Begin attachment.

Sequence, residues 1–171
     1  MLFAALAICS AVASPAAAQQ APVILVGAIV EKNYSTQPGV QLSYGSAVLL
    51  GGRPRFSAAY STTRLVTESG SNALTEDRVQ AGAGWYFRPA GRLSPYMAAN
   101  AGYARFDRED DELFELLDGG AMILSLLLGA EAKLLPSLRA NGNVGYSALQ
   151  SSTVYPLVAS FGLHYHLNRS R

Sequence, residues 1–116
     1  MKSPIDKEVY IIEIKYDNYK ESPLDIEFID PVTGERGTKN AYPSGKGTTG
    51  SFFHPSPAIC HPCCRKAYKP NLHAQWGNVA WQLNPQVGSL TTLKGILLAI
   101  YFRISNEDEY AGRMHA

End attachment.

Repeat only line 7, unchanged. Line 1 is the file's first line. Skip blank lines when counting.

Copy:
     1  MKSPIDKEVY IIEIKYDNYK ESPLDIEFID PVTGERGTKN AYPSGKGTTG